Security camera Wyze Cam revealed a vulnerability that was accessible to anyone for three years
In March 2022, it became clear that the camera made by security camera maker Wyze had a vulnerability that made it accessible via the Internet and that it could be executed remotely. It is said that these vulnerabilities were discovered in 2019 and have already been addressed at the time of article creation, but older models can not be fixed because support has ended, and security companies that discovered the vulnerabilities We are appealing to stop using the applicable camera.
Wyze Cam flaw lets hackers remotely access your saved videos
Wyze knew hackers could remotely access your camera for three years and said nothing --The Verge
A vulnerability in Wyze's camera was discovered in 2019 by researchers at Romanian security firm Bitdefender. The vulnerability is that when you insert an SD card into Wyze's security camera, its symbolic link is automatically created in the www directory with no access restrictions. In other words, anyone can access the video, images, and audio stored on the SD card via the web server.
In addition, the SD card also stores the device log file, which contains the UID (device identification number) and encryption key. There was also a remote execution vulnerability because it could be accessed externally.
The anyone-accessible vulnerability was addressed in the September 24, 2019 security update as ' CVE-2019-9564 '. The remote execution vulnerability has been fixed in the November 9, 2020 update as ' CVE-2019-12266 '. The handling of SD cards, which caused a number of vulnerabilities, was fixed in the firmware update delivered on January 29, 2022.
However, a series of security updates were only available in Wyze Cam v2 and v3 released in February 2018 and October 2020, not in Wyze Cam v1 released in August 2017. Wyze Cam v1 will end support in 2020 and Wyze has not fixed the issue, leaving the remote execution vulnerability permanently unfixed in Wyze Cam v1. In addition, Wyze Cam v1 was announced to be discontinued in January 2022, before the vulnerability was revealed.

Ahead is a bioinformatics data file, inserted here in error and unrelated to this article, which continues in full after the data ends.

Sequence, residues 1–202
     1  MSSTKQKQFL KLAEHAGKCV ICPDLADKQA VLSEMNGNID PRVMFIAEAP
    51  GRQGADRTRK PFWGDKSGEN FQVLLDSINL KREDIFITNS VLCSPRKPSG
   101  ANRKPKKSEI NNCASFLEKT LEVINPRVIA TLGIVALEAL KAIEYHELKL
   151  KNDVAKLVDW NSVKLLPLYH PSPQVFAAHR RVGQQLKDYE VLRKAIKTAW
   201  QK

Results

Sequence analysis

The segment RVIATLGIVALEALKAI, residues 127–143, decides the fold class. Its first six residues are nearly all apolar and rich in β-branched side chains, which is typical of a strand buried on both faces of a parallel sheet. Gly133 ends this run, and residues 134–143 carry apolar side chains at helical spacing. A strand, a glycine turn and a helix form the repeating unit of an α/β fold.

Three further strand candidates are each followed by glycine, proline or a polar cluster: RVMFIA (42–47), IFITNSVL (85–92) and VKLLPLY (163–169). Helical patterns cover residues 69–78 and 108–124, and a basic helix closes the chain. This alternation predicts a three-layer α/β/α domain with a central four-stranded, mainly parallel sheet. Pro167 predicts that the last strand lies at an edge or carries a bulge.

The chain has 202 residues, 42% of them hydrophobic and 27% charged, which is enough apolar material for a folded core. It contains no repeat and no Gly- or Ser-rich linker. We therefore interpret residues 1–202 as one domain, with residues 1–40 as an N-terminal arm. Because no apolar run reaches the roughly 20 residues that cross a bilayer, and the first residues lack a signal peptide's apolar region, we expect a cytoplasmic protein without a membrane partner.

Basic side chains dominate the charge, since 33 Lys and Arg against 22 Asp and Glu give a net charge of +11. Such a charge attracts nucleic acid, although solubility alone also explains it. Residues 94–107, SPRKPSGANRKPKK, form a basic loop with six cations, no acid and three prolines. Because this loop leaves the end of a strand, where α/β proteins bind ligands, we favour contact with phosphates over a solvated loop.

Bitdefender, who discovered the vulnerability, said, 'Vendor-side logistic and hardware restrictions are urging Wyze Cam v1 to be deprecated. We recommend that you stop using this hardware as soon as possible.' increase.
Regarding this, Wyze did not explain the security risk to the user and said, 'Continuing to use Wyze Cam v1 after February 1, 2022 is risky, so Wyze does not recommend it and is completely self-sufficient. I will be responsible for it. '
Sean Hollister, a reporter for the IT news site The Verge, said he was using Wyze Cam v1. You wouldn't think of it as a serious vulnerability. '
Hollister also criticizes that not only was Wyze not revealing the vulnerability discovered by Bitdefender to users, but it was unusual for Bitdefender to not disclose it for nearly three years. It is true that publishing the survey results before the vendor provides the patch has a high security risk, but usually it is said that the release date is usually set to 1 to 2 months after contacting the vendor.
Regarding this, Bitdefender said, 'We usually have a grace period of up to 90 days, but the vulnerabilities we have discovered are so serious that it is potentially possible to publish this report without Wyze's awareness and mitigation. We have determined that it will have an unknown impact on millions of users. '
'If these vulnerabilities were bad enough to discontinue Wyze Cam v1 in January 2022, users should have known it as of 2019,' Hollister said. He revealed that he had immediately discarded the Wyze Cam v1 that he had been using, and expressed his anger, saying, 'I will never use Wyze's products again.'